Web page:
Honey Plants of North America

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This is a direct reprint of the 1926 book first published by the A. I. Root Company in Medina, Ohio. 408 pages, with hundreds of black and white photos by the author.

Part 1:

Nectar: Its Secretion, Protection, and Distribution, including the structure and role of the flower, the secretion of nectar, plants of little value to honey bees, pollen flowers and honey dew.

Part 2:

Descriptions of the 38 plants valuable chiefly for pollen, with photos of most and diagrams of some

Part 3:

Description of hundreds of American honey plants, north of Mexico, with photos of most, and maps depicting where they are most common in the wild, or most commonly grown as crops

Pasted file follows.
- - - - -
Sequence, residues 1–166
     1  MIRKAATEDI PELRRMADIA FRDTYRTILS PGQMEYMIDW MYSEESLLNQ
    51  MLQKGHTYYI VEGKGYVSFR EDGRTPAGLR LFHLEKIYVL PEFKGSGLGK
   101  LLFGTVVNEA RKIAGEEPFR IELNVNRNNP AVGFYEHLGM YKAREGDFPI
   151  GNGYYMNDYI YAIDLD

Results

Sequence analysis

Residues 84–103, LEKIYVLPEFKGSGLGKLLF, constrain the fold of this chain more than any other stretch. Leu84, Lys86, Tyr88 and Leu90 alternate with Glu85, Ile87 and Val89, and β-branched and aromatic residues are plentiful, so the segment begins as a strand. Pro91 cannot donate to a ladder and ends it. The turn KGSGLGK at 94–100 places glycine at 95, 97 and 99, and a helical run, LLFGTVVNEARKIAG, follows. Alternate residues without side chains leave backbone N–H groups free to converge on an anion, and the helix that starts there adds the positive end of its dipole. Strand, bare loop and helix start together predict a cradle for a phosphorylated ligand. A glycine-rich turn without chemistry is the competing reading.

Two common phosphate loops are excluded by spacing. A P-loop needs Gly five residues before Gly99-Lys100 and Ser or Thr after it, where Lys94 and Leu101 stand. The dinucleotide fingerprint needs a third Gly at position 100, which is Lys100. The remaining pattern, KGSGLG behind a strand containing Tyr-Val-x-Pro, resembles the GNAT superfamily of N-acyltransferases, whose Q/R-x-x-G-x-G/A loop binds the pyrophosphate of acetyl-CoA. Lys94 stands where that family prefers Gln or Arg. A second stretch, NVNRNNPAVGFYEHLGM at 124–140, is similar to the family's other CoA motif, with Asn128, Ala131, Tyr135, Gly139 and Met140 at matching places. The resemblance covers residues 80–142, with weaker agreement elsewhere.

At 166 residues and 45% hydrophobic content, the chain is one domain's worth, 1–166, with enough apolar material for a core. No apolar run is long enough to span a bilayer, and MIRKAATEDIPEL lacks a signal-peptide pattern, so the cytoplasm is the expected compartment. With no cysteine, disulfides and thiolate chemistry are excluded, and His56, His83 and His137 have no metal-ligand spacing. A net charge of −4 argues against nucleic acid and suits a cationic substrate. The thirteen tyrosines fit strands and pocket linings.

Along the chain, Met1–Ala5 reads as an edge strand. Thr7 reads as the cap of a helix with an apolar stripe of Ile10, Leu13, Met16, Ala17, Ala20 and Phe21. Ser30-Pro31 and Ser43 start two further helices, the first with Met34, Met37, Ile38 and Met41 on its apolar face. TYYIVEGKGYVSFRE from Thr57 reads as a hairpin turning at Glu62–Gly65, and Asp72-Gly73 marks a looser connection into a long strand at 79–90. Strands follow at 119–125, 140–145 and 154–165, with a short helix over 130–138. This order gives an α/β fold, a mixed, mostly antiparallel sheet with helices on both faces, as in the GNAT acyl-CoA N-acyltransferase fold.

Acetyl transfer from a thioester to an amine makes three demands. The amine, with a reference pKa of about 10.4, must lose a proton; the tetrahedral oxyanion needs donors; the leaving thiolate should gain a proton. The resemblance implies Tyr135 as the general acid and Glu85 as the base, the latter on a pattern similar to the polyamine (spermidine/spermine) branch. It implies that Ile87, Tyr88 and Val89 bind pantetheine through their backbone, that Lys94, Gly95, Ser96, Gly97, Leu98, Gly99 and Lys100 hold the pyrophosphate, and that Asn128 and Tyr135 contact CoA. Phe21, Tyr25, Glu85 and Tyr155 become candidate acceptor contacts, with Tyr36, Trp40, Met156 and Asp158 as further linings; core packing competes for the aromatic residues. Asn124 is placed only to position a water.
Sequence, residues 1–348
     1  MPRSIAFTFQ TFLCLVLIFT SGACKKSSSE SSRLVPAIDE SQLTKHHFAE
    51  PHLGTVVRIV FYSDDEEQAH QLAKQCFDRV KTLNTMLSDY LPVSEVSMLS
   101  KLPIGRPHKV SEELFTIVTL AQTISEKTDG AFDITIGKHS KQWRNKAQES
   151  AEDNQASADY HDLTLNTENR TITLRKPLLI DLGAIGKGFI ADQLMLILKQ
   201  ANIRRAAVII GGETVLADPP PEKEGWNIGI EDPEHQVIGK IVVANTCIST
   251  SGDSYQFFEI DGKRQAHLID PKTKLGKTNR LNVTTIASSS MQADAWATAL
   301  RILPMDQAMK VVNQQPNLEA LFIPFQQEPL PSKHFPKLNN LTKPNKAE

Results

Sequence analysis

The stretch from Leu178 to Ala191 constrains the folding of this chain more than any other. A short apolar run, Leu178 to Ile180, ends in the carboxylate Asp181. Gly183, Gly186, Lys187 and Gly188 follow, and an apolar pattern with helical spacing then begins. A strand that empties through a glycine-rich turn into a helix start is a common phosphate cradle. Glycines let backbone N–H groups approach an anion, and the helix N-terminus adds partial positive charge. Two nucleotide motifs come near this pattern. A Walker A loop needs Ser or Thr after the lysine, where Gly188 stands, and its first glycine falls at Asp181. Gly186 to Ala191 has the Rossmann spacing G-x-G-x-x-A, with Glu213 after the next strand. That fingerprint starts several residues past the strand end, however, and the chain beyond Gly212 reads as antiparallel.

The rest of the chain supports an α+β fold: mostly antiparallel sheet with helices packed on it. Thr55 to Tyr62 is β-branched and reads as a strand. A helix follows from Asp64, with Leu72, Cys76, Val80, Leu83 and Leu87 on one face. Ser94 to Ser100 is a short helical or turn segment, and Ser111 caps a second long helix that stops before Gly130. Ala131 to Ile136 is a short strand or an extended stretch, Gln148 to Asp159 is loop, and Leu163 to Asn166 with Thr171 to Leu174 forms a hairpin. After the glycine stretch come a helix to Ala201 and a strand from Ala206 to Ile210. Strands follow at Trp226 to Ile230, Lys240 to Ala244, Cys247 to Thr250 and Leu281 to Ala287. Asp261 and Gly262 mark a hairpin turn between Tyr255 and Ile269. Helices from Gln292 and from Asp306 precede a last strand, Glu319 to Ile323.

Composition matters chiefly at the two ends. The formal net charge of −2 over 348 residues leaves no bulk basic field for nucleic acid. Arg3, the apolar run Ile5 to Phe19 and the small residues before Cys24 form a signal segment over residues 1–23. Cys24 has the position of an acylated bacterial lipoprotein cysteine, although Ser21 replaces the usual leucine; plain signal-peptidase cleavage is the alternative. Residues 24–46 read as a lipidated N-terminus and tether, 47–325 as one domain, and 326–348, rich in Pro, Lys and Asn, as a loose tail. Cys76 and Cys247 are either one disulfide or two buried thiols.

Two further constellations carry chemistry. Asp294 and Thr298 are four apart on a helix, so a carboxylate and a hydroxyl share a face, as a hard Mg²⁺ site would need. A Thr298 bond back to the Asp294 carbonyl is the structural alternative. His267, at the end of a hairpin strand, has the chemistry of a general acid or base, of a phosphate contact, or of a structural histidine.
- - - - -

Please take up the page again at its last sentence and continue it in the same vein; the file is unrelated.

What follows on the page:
Part 4:

The honey floras of the different states, and guide to the best locations for beekeeping, broken into 8 different U.S. regions, including
- The northeastern or New England region, including a bit of the Maritime Provinces
- The Appalachian Highlands, from the Catskills in New Your to northern Georgia dn Alabama
- The Coastal plain of the Atlantic Ocean and the Gulf of Mexico
- The central lowlands north of the Gulf Coastal Plain, including the prairies
- The Great Plains east of the Rocky Mountains
- The Rocky Mountains
- The desert region west of the Rocky Mountains and east of the Sierra Nevada and Cascade Ranges
- The Pacific coast, west of the Sierra Nevada and the Cascade ranges.
Within each of these regions each state is described and evaluated for its value as a prosperous beekeeping region. In the larger and more productive states, even counties are described, and even the parts of counties in some locations, where there are many beekeepers and many bees kept.

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